Wednesday, November 26, 2014

Melvins - Hold It In

I am rather fond of the Melvins. This Washington-based outfit ought to be familiar to most of you, since the list of bands who can legitimately claim to have inspired both Eyehategod and Nirvana is relatively short. Quirky-ass antics and gimmick records aside (though they can't really be separated, since those are big part of the band's charm) the Melvins discography contains the roots of both sludge and grunge, making them one of the most influential bands in rock and metal in the past few decades, even if they don't often get credited as such by the general public. Today, I'll talk a little about their newest full-length effort, Hold It In.

For my personal taste, Melvins music is at its best when the band hovers in the proto-sludge territory that is the closest thing they have to a musical home base. Fortunately for me, this album largely does just that. There are trippy explorations into other sounds and perky pop-rock elements, and those are able to actually be fun because there's enough of a stylistic anchor in place that you don't have to worry about the band wandering off into the woods, tripping over a log, and falling unconscious half-way through the record. Creativity is never a concern with the Melvins, they have a seemingly endless supply of that, but lack of focus often is a legitimate issue. Thus, when the band is able to strike up a solid equilibrium between convention and exploration, as they do here, it's an absolute joy to hear. There's nothing in particular that sets this album apart as notably different, since as I've said it's closer to home base than many of their records, but the fact that the bands wanders around so much stylistically means that a "normal" Melvins record is not the kind of "boy is this stale" criticism that it would be for most bands.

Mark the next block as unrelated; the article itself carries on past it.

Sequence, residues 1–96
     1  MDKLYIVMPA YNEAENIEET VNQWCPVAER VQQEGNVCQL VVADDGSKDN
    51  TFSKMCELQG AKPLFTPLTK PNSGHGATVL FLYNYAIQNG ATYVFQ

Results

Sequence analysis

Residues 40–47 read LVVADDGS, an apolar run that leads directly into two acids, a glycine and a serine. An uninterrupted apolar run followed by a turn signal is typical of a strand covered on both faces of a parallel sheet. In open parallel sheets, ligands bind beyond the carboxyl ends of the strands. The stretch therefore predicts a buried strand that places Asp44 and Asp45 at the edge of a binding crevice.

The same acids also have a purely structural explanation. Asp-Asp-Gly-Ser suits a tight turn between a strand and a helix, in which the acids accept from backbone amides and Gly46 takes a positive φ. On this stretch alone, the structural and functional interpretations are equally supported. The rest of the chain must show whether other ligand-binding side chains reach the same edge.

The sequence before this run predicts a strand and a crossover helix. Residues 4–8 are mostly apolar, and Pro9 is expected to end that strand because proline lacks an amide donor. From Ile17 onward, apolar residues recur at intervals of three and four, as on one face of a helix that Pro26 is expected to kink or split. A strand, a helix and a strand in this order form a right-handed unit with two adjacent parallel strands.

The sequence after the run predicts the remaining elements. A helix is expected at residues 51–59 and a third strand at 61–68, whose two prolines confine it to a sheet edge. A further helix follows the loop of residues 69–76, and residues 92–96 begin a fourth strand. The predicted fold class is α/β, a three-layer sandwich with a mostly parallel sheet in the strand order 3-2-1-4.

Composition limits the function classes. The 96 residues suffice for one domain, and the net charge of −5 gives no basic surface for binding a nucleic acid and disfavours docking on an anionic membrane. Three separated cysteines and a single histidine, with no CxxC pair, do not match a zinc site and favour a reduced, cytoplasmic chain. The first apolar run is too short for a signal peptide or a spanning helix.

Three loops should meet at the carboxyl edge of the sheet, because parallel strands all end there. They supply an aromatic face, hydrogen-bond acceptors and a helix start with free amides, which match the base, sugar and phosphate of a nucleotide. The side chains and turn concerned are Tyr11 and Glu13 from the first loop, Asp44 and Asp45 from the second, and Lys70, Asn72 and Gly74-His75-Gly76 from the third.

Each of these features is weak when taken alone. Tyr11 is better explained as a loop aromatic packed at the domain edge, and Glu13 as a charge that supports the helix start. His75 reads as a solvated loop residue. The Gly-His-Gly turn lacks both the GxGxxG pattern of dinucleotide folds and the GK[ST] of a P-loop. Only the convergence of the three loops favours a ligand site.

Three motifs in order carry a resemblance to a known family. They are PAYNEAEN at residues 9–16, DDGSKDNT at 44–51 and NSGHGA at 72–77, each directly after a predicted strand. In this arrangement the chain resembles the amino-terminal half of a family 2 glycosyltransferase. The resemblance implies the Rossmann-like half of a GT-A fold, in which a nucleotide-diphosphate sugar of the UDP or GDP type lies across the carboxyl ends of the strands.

The best testament to this album I can give is that after buying it, I kept it on repeat in my car stereo for about two weeks and I never got tired of it. I don't think it's going to go down as one of the most brilliant or captivating records of the year, but it was eminently listenable and it kept my attention a lot longer than most albums can.

Grade: A-

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